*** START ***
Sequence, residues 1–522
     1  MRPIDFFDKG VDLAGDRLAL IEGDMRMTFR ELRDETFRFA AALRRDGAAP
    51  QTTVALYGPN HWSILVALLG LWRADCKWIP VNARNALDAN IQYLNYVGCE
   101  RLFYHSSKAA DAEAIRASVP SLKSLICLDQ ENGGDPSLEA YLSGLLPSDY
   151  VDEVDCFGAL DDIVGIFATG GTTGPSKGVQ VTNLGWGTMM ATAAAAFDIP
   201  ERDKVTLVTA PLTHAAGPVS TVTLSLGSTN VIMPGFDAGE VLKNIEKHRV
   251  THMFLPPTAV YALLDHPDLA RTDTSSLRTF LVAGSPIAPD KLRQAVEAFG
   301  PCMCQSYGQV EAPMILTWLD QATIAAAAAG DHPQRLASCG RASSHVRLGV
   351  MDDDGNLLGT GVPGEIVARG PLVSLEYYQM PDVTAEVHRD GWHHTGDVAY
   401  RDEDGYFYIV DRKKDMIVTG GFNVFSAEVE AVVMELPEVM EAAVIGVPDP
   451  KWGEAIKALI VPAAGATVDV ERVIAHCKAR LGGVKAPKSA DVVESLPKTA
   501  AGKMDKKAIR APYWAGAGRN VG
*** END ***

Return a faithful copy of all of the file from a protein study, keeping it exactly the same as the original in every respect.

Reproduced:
Sequence, residues 1–522
     1  MRPIDFFDKG VDLAGDRLAL IEGDMRMTFR ELRDETFRFA AALRRDGAAP
    51  QTTVALYGPN HWSILVALLG LWRADCKWIP VNARNALDAN IQYLNYVGCE
   101  RLFYHSSKAA DAEAIRASVP SLKSLICLDQ ENGGDPSLEA YLSGLLPSDY
   151  VDEVDCFGAL DDIVGIFATG GTTGPSKGVQ VTNLGWGTMM ATAAAAFDIP
   201  ERDKVTLVTA PLTHAAGPVS TVTLSLGSTN VIMPGFDAGE VLKNIEKHRV
   251  THMFLPPTAV YALLDHPDLA RTDTSSLRTF LVAGSPIAPD KLRQAVEAFG
   301  PCMCQSYGQV EAPMILTWLD QATIAAAAAG DHPQRLASCG RASSHVRLGV
   351  MDDDGNLLGT GVPGEIVARG PLVSLEYYQM PDVTAEVHRD GWHHTGDVAY
   401  RDEDGYFYIV DRKKDMIVTG GFNVFSAEVE AVVMELPEVM EAAVIGVPDP
   451  KWGEAIKALI VPAAGATVDV ERVIAHCKAR LGGVKAPKSA DVVESLPKTA
   501  AGKMDKKAIR APYWAGAGRN VG